From your first prenatal appointment, you'll hear all about what you should be eating and drinking during pregnancy, like calcium and folic acid. But what about foods to avoid? Advice seems to flip-flop from year to year, and things that were once considered perfectly safe may now be on the no-no list. Here's a look at what to cut out for the next nine months.
How to Eat Healthy During Pregnancy: How To Avoid Listeria
Taking in high doses of caffeine daily during pregnancy -- whether from coffee, tea, cola, cocoa, or energy drinks -- has long been associated with an increased risk of miscarriage, and a 2008 study from the Kaiser Permanente Division of Research confirms that link. The study found that women who consumed 200 milligrams or more of caffeine per day (that's two or more cups of regular coffee or five 12-ounce cans of soda containing caffeine) had twice the miscarriage risk as women who consumed no caffeine. "It's a good idea to drink decaffeinated beverages, especially during the first trimester when the risk of miscarriage is highest," says Bridget Swinney, RD, author of Eating Expectantly.
It's best to avoid cheeses such as Brie, goat, Camembert, feta, queso blanco, and blue or other veined varieties. Why? They may be unpasteurized and contaminated with listeria -- bacteria that can trigger food poisoning. These soft cheeses have a high fear factor because they're not aged, like cheddar or Parmesan, where the process kills bacteria naturally, says Hope Ricciotti, MD, associate professor of obstetrics and gynecology at Harvard Medical School and coauthor of I'm Pregnant! Now What Do I Eat? And because pregnant women have a weakened immune system, they are more prone to certain food-borne illnesses -- which, if contracted in the first trimester, can lead to miscarriage or preterm birth.
Buying cold cuts at the deli for this week's lunches? Be careful; deli products might become contaminated with listeria if they're not handled properly at the manufacturing plant or at the deli itself. As a precaution, heat store-sliced deli meats until they're steaming-hot to kill the bacteria. And when preparing pork, beef, or lamb at home, cook it to medium or medium-well, says Dr. Ricciotti. These meats may be infected with toxoplasma, a parasite that causes an infection that, although relatively rare, can cause stillbirth or serious health problems.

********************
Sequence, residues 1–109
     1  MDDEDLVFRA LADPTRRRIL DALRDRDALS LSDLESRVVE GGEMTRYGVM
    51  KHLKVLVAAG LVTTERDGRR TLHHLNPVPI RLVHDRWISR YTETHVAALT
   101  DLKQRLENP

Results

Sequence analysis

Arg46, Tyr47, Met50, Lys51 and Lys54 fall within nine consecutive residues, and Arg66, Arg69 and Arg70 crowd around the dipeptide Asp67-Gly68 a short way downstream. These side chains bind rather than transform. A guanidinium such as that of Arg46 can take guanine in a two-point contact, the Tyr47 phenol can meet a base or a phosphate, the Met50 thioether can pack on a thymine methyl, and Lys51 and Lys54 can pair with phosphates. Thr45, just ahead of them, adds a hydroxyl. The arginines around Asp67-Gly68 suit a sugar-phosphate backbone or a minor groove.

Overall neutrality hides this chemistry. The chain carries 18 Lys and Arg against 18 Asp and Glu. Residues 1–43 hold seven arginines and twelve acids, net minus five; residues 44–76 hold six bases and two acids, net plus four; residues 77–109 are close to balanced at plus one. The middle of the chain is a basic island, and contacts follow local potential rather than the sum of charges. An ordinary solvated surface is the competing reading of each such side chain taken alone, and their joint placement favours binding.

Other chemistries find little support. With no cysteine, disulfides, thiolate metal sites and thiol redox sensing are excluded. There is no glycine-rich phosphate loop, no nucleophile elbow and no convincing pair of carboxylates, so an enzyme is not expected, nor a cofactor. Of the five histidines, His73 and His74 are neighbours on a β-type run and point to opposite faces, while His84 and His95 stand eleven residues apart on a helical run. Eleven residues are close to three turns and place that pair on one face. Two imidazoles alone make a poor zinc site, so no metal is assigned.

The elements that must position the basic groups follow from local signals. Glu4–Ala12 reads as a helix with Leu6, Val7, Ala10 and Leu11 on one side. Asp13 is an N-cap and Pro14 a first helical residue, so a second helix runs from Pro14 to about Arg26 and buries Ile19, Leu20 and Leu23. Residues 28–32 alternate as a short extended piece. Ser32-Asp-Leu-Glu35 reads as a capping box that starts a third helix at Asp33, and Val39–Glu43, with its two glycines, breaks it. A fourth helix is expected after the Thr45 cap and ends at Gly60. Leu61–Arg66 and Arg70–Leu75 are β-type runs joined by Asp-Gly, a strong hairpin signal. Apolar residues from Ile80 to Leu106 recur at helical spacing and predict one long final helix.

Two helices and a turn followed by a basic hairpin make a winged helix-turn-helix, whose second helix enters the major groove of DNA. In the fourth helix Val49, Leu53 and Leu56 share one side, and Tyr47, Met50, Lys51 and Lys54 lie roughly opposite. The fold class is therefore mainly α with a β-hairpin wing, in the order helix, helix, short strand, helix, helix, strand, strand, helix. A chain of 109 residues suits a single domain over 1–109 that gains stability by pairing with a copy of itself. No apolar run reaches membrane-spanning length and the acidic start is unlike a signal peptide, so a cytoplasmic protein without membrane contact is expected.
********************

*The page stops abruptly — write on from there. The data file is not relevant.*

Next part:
You probably already know that mercury, which is present in many fish, is dangerous for your baby. "Mercury is a neurotoxin that impairs fetal brain development," says Dr. Ricciotti. When mercury from pollution gets into the water, it works its way up the food chain from plants to small fish to larger fish, leaving those big swimmers most contaminated. Fish with high levels of mercury on the don't-eat list include: shark, tilefish, king mackerel, swordfish, and albacore tuna. But not all tuna is bad. If you love tuna sandwiches, just stick to canned light tuna, which has very low mercury levels, says Dr. Ricciotti, and limit it to once or twice a week (no more than 12 ounces). A mistake some pregnant women make is to swear off all fish -- salmon, for example, doesn't contain mercury, and it's a great source of omega-3 fatty acids, which you need lots of during pregnancy. But no matter what type of fish you're eating, your best bet is to avoid anything raw or undercooked.